Betty Skelton: Aviatrix and test driver who broke records on land and in the air

Betty Skelton was an air-and-land daredevil in an era of male-dominated sports.

Breaking the gender barriers and setting records, she notched up three women's international aerobatics titles and 17 aviation and race-car world records during the 1940s and 1950s. According to the Smithsonian's National Air and Space Museum, Skelton held more combined aircraft and automotive records than anyone in history. In his 1994 biography, Betty Skelton: The First Lady of Firsts, Henry Holden wrote, "In an era when heroes were race pilots, jet jocks and movie stars, Betty Skelton was an aviation sweetheart, an international celebrity and a flying sensation."

Skelton was an audacious aviatrix; her signature trick, in her Pitts Special biplane S-1C, Little Stinker, was the "inverted ribbon cut," a breathtaking manoeuvre in which a pilot flies upside down at about 150mph and about 12 feet from the ground to slice a ribbon strung between two poles with the propeller. She also set two world light-plane altitude records, reaching 26,000ft in 1949 and 29,050ft (just higher than Everest) in a Piper Cub in 1951. Used to flying barefoot and with an outside temperature of -53, she recalled, "My feet darn near froze to death."

In 1954, the diminutive Skelton became the automobile industry's first female test driver, setting a world land-speed record, in 1956, of 145mph in a souped-up Corvette at Daytona Beach – the men's record at the time was 3mph faster. In 1965 she set the women's world land-speed record, hitting 315.72mph at Bonneville Salt Flats.

Skelton was the first woman to be inducted into the International Aerobatic Hall of Fame and the Nascar International Motorsports Hall of Fame.

Betty Skelton was born in Pensacola, Florida in 1926, the year before Charles Lindbergh made his historic transatlantic flight. As a child, she acquired her passion for speed watching Navy pilots perform stunts in the skies above her home. A collector of model planes from an early age, Skelton knew she wanted to become a naval aviator. Aged 10, she persuaded her parents to pay for flying lessons. Two years later, she made her first unofficial solo flight, but had to wait until she was 16 for her first legal solo flight, when she earned her pilot's licence.

She rapidly clocked up the hours needed to qualify for the Women Airforce Service Pilots, but it was disbanded before she reached the required age, and she was barred from commercial flying because of her gender. So she began working as a clerk for Eastern Airlines at night so she could fly during the day, and became an instructor at the age of 18.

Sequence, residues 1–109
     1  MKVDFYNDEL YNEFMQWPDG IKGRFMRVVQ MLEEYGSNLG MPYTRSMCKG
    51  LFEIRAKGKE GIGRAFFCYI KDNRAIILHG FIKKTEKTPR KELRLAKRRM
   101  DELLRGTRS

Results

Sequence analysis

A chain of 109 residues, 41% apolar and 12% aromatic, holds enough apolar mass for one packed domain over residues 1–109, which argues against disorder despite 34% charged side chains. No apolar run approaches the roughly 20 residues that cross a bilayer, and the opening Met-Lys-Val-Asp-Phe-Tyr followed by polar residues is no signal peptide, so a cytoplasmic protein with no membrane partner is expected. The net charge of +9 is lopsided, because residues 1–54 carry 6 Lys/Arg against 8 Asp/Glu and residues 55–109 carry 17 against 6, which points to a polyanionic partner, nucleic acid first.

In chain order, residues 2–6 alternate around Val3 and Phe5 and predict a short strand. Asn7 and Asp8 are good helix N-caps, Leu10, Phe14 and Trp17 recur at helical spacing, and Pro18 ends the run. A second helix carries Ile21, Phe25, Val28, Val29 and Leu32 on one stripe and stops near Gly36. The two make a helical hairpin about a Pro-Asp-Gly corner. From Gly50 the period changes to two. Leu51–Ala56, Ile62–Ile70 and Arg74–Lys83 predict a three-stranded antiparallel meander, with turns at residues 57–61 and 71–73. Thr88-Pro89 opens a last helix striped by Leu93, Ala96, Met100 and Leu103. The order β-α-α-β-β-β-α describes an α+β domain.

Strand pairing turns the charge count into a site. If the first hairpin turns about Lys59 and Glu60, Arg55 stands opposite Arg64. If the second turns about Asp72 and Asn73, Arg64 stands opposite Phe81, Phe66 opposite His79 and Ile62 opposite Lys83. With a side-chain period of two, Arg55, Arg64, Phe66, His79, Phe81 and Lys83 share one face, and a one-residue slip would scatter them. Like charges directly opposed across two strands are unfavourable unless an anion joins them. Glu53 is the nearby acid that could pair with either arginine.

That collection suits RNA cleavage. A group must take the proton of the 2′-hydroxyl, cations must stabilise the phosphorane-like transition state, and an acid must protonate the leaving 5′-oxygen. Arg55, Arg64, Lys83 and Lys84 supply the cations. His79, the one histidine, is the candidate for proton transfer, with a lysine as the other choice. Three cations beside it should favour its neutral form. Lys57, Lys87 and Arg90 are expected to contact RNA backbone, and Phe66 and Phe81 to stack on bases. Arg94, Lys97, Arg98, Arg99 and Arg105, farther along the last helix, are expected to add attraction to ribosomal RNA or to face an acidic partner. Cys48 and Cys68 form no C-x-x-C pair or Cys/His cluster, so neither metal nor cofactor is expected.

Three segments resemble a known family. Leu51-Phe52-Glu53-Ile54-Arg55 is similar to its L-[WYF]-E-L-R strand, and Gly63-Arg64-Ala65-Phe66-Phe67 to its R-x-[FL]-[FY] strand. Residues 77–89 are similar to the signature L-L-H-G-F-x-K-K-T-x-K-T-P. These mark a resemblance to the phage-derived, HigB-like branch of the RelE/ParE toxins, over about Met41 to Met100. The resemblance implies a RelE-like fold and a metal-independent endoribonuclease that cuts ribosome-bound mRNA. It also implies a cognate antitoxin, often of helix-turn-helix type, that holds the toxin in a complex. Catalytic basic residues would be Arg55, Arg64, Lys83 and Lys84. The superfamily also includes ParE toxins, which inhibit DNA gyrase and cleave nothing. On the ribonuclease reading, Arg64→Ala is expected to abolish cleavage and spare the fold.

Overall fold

At the suggestion of a friend, Skelton turned to aerobatics and quickly learnt how to loop theloop and roll. She gave her first amateur performance in a Fairchild PT-19 in early 1946, with a full professional debut months later in her own 1929 Great Lakes 2T1A biplane at the South-Eastern Air Exposition in Jacksonville, Florida, along with a new US Navy exhibition team, the Blue Angels.

Following her success in aerobatics tournaments and with the gender barriers in place, Skelton had little incentive to continue and so, in 1951, sold Little Stinker and moved on, but continued to fly for fun.

Soon after a meeting with Bill France, the founder of Nascar, Skelton drove at Daytona Beach during Speed Week and set a stock-car record of 105.88mph in a 1954 Dodge Red Ram V8. She was part of the team that drove a 1955 Dodge to 395 new records at the Bonneville. In 1956, she broke the North American transcontinental speed record for driving coast-to-coast from New York to Los Angeles, covering 2,913 miles in 56 hours 58 minutes. Two years later, Skelton crossed South America, from Buenos Aires to Valparaiso in Chile, in 41 hours 14 minutes. She later became a leading advertising executive and worked with General Motors. France later said, "I would venture to say there is no other woman in the world with all the attributes of this woman. The most impressive of them all is her surprising and outstanding ever-present femininity, even when tackling a man's job."

In 1960, Skelton appeared on the cover of Look magazine, in an astronaut's flight suit, with the headline, "Should a Girl Be First in Space?"

During the late 1970s and 80sSkelton ran an estate agency in Florida and published a book, Little Stinker. She continued flying well into her 80s. In 1988, the International Aerobatic Club established the Betty SkeltonFirst Lady of Aerobatics Trophy,awarded to the highest scoring female pilot at the US National Aerobatic Championships.

When asked about being a woman competing with men in two male-dominated fields, Skelton said, "Competing? No, I didn't really do that. I found that once I demonstrated I was capable, had the ability, I was accepted. And I found that true everywhere I've ever been and in everything I've ever done."

Skelton died of cancer at her retirement home in Florida.

Betty Skelton, aviator and driver: born Pensacola, Florida 28 June 1926; married 1965 Donald Frankman (died 2001), 2005 Allan Erde; died The Villages, Florida 31 August 2011.

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